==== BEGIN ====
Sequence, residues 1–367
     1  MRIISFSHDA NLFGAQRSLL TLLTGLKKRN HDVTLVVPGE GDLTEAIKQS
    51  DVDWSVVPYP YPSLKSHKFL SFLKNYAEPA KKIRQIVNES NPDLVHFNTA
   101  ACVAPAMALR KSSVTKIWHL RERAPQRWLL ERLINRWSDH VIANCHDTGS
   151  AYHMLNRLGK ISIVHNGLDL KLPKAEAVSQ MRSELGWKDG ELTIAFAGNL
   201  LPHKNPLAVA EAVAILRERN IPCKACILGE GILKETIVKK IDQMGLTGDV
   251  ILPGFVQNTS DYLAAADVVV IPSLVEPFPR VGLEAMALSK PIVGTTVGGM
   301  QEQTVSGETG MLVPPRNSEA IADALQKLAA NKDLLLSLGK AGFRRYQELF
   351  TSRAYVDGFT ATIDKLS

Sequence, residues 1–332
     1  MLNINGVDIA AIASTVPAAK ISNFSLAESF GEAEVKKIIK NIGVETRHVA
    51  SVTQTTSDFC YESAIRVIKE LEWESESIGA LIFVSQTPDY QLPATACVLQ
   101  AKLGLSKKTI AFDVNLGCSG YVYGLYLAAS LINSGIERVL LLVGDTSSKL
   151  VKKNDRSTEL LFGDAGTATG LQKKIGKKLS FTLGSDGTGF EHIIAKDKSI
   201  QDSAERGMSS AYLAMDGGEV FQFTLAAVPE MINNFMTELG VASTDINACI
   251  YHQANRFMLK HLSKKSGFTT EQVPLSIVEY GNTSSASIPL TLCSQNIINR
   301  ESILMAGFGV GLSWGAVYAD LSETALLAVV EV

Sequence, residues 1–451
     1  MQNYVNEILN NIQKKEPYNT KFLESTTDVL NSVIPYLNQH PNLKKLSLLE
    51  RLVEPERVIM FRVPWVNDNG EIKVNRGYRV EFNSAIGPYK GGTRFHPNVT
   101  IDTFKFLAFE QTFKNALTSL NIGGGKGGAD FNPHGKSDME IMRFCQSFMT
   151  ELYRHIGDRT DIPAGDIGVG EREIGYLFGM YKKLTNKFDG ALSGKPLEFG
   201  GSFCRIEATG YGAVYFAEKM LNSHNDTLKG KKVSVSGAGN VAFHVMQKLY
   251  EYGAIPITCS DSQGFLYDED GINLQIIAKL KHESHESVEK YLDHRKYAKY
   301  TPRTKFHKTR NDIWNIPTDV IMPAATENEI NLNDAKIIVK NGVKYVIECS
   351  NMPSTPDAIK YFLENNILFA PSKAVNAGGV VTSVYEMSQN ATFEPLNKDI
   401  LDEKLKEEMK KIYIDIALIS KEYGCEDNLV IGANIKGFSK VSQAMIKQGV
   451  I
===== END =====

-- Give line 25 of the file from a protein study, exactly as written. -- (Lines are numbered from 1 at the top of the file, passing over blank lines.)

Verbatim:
   301  TPRTKFHKTR NDIWNIPTDV IMPAATENEI NLNDAKIIVK NGVKYVIECS